Musically, everything clicked in Boston Musica Viva’s annual Family Concert.
By Jonathan Blumhofer
It’s a truth for composers that the hardest performance to get (after the first one, that is) is the second. So hats off to Boston Musica Viva (BMV) for not just commissioning lots of new music but also for re-programming many of those pieces for subsequent hearings. The ensemble returned to action at Boston University’s Tsai Performance Center on Sunday afternoon with their annual Family Concert and the first piece they played was a revival.
The work in question was Bruce Adolphe’s The Girl Who Loved Wild Horses, a 2007 adaptation of the book by Paul Goble that tells the story of a Native American girl whose fascination with the wild horses that live near her village leads her to run off and live with them; when she returns to settle with the animals permanently, she eventually turns into one herself.
Adolphe’s score brims with color and energy. Some of his writing (particularly for flute) evokes actual Native American music, though those influences are neatly subsumed into his own musical language.”
Sunday’s performance, which featured Joyce Kulhawik as the narrator and members of the Boston City Singers’ Cantare, was executed with plenty of vigor mystery. Flautist Anne Bobo’s solos were beguiling, cellist Jan Müller-Szeraws made athletic work of his part’s depiction of the story’s mythical stallion, and percussionist Bob Schulz seemed to have a blast with Adolphe’s involved scoring.
The young Cantare ensemble was limited to just two short refrains in the piece, but they sang both crisply, with bright tone and true pitch. They made similarly fine work of Paul Caldwell and Sean Ivory’s Beneath the African Sky, a song inspired by the separation and unlikely reunification of two sisters with their parents after the 1994 Rwandan genocide.
After intermission came the afternoon’s world premiere, a BMV Family Concert tradition. This year’s was Barbara White’s ballet The Wrong Child – Or, The Cauldron of Unintended Consequences.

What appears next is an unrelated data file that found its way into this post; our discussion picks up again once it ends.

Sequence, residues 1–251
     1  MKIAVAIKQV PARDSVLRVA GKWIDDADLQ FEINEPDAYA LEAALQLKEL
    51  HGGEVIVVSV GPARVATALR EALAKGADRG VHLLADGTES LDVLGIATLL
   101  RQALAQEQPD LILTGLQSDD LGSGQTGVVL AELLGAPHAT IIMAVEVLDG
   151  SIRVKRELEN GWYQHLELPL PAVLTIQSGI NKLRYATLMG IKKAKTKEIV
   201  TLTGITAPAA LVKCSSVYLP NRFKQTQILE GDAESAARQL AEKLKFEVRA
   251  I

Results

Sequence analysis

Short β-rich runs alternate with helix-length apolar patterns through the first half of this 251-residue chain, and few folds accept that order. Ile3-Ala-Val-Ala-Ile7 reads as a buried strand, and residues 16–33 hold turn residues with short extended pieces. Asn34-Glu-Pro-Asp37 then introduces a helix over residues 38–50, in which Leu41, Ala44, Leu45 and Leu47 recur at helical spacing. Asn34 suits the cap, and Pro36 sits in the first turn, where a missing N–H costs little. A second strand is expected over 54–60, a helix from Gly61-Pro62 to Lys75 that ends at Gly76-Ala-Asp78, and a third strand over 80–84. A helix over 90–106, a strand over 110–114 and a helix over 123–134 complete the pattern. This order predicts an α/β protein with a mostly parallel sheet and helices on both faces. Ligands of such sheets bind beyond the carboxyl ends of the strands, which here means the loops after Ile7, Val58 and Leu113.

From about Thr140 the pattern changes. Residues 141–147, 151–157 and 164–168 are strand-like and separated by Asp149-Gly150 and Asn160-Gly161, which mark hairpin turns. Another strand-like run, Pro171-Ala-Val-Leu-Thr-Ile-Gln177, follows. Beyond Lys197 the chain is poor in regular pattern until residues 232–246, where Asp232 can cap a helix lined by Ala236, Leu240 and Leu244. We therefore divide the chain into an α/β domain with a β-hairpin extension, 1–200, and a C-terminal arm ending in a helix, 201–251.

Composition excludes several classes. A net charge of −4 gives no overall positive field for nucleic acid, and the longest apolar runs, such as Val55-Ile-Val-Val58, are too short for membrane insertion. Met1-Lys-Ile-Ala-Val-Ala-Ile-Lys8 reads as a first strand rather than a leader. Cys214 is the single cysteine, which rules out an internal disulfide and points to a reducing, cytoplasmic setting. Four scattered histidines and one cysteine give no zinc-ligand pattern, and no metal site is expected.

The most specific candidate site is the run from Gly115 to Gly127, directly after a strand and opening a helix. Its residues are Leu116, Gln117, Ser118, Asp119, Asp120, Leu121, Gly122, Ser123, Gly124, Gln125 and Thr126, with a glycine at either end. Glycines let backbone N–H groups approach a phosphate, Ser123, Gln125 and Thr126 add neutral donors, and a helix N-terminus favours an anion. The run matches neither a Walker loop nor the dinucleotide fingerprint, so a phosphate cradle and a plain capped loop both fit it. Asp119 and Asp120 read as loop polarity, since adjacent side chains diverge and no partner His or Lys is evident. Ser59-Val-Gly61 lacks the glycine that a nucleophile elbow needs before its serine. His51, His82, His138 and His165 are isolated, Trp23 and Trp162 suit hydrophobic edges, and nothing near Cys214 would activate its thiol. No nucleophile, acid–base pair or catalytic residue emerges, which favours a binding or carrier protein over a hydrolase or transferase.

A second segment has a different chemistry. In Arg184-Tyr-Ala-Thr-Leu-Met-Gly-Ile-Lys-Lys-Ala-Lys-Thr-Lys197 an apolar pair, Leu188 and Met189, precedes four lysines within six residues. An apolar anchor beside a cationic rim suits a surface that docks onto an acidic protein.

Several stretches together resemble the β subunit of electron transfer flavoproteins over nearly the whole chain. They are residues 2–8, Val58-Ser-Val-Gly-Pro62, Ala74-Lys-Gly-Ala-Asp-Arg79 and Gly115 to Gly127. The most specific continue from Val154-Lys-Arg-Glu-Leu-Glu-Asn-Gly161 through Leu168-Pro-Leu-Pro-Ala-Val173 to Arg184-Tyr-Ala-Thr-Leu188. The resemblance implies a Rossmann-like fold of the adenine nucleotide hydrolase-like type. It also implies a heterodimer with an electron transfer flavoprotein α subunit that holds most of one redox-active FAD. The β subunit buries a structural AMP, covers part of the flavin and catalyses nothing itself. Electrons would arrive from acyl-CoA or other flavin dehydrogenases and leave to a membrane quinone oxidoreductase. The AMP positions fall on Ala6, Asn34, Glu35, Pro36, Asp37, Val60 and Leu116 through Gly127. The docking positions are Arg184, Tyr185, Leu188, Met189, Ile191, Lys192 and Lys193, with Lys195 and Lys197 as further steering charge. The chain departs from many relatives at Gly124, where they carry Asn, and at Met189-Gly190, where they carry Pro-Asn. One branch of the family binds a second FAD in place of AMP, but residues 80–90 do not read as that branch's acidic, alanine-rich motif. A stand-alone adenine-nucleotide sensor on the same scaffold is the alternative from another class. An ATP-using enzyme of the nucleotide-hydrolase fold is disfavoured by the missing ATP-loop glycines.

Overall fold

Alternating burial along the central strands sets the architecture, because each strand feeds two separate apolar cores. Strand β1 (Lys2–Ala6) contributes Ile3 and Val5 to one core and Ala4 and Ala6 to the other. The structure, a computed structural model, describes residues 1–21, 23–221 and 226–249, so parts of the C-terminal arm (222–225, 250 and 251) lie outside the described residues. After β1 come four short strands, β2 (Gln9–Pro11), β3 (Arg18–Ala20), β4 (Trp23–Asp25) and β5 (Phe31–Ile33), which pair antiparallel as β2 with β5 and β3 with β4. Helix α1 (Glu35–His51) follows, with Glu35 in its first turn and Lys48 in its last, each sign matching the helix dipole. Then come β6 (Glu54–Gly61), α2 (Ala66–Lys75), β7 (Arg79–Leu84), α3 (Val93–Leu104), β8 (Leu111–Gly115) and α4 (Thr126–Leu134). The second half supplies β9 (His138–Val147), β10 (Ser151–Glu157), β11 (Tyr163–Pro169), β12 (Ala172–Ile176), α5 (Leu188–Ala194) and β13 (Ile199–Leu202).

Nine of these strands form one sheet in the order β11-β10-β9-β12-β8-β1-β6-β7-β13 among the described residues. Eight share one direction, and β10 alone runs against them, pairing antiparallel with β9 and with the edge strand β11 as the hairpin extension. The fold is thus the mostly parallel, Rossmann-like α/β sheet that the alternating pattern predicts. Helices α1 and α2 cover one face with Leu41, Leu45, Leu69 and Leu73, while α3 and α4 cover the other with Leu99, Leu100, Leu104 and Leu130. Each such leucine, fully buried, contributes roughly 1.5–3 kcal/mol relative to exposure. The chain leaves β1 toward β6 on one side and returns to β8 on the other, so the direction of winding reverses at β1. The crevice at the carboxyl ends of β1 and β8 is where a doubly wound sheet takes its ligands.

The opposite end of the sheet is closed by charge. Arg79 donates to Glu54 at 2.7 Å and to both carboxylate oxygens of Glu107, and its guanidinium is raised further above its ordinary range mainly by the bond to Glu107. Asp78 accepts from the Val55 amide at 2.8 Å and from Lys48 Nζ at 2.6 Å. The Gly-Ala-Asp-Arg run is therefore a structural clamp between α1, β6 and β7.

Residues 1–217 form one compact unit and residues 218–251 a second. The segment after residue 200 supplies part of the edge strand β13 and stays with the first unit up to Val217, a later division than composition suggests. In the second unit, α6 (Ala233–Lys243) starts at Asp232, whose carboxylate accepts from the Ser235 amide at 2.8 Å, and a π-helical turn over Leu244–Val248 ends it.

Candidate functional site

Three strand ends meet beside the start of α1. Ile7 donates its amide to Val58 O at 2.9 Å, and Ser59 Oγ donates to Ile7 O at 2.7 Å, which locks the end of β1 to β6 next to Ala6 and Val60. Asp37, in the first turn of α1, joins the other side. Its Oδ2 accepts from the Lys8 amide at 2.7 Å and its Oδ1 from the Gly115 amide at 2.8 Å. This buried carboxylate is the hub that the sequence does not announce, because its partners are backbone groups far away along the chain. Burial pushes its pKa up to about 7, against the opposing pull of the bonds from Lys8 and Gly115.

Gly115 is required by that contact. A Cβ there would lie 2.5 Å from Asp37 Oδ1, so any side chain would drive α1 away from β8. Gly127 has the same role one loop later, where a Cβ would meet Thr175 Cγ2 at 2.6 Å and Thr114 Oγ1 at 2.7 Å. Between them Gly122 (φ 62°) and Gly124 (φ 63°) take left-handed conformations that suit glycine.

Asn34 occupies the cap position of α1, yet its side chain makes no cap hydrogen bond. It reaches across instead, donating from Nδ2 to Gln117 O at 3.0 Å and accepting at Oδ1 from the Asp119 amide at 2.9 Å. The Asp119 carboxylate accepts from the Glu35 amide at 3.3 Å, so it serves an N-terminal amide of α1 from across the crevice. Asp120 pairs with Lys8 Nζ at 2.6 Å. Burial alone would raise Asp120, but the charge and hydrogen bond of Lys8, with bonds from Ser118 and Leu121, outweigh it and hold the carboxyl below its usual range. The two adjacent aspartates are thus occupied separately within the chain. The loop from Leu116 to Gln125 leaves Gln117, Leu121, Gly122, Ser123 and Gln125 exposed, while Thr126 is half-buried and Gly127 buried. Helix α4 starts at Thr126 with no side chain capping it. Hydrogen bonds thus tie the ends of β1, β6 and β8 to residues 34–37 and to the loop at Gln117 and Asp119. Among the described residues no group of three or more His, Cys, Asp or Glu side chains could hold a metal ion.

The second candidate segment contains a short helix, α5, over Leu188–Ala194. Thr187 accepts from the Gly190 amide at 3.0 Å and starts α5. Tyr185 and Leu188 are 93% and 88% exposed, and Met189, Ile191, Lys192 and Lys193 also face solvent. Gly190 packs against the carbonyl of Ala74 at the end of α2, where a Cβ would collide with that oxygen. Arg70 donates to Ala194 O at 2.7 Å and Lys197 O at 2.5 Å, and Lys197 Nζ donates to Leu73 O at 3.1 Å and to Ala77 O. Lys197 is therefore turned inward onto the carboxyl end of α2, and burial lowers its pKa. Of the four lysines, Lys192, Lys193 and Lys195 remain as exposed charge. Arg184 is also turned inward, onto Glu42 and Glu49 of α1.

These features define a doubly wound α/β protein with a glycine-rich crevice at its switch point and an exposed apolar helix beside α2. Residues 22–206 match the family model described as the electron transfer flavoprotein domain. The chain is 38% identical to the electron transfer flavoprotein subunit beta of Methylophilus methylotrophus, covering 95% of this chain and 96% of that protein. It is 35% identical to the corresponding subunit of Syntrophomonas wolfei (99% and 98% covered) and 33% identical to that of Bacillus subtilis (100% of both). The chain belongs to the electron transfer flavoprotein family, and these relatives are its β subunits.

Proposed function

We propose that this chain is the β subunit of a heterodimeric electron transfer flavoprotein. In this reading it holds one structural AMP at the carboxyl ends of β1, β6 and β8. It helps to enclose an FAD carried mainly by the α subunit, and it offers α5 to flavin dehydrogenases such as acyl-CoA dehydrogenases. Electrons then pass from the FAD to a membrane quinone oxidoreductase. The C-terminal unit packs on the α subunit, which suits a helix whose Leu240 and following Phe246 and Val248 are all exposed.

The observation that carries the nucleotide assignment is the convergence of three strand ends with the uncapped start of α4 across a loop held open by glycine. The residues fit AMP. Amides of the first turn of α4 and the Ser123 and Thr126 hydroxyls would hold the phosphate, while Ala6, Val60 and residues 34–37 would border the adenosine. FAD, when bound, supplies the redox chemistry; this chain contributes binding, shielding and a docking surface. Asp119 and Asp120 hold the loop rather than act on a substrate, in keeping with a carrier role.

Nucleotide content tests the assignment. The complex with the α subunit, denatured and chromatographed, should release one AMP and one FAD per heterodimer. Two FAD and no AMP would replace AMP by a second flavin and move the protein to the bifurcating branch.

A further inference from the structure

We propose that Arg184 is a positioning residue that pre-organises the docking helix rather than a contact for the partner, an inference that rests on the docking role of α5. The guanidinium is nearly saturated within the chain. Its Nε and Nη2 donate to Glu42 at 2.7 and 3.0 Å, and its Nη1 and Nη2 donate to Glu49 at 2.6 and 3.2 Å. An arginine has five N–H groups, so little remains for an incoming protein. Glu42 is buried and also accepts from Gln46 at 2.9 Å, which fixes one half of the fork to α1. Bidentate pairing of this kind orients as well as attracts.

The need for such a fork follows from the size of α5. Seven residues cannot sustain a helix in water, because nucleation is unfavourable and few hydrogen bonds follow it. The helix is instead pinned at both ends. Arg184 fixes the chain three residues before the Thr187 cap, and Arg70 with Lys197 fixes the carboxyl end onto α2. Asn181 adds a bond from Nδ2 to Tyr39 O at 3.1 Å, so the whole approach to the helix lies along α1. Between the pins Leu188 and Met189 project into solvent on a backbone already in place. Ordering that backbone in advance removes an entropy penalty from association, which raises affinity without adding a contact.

Composed for BMV and Northeast Youth Ballet, it’s based on a Welsh myth that tells of a goddess forcing a young girl to stir a potion meant to embolden her timid, young son. When the girl accidentally tastes the brew (she’s the “wrong child” of the title), the deity is enraged and the two transform into various creatures and items as the one pursues the other through the skies and ocean, and across the land. In the midst of this, the son – without the aid of the elixir – is himself transformed. In the end, the goddess realizes that the boy had the power to overcome his obstacles within himself all along and, more, that there’s room for a diversity of gifts in every creature to flourish and enrich the world.
White’s music for this scenario is marvelously inventive. Like Adolphe in The Girl Who Loved Wild Horses (and Bernie Hoffer in his Paul Revere’s Ride a couple years ago), she doesn’t shy away from complex harmonic and technical gestures. Quite the opposite, in fact: there are lots of extended techniques on display, from bass clarinet multiphonics to natural harmonic glissandos for violin and cello, and a wonderfully Cowell-esque episode for piano played under the lid, among other things. White’s writing for percussion is likewise vivid, with some Chinese opera gongs adding a special allure to the proceedings.
The BVM ensemble – violinist Gabriella Diaz, clarinetist William Kirkley, and pianist Geoffrey Burleson in addition to the players mentioned above – dove in and gave a formidable premiere of the piece. Burleson and Kirkley, in particular, drew a rich palette of colors from their respective parts, especially in White’s writing of extended techniques, and BMV music director Richard Pittman not only kept everything moving tightly but shaped it smartly, too: the final section (“I have been in many things”) made for a sumptuously touching epilogue.
On stage (the instrumentalists were seated on the hall’s floor), the Northeast Youth Ballet acquitted themselves excellently. Denise Cecere’s choreography drew out the story’s natural elements – flowing water, falling rain, etc. – with particular eloquence and the dancers responded in kind, with a strong sense of the musical rhythm and impressive synchronicity.
As in the Adolphe, narrator Kulhawik delivered The Wrong Child’s text with a strong sense of pacing and a nice understanding of the narrative’s drama. In both pieces she was a bit over-mic-ed, the sound system picking up her page turns with a bit more clarity than necessary.
Still, that was about the afternoon’s only flaw and easy enough to ignore. Musically, everything clicked, and the White left a strong impression. Can’t wait to hear it again – which, with BMV, you can be sure you’ll get to sooner or later.
Jonathan Blumhofer is a composer and violist who has been active in the greater Boston area since 2004. His music has received numerous awards and been performed by various ensembles, including the American Composers Orchestra, Kiev Philharmonic, Camerata Chicago, Xanthos Ensemble, and Juventas New Music Group. Since receiving his doctorate from Boston University in 2010, Jon has taught at Clark University, Worcester Polytechnic Institute, and online for the University of Phoenix, in addition to writing music criticism for the Worcester Telegram & Gazette.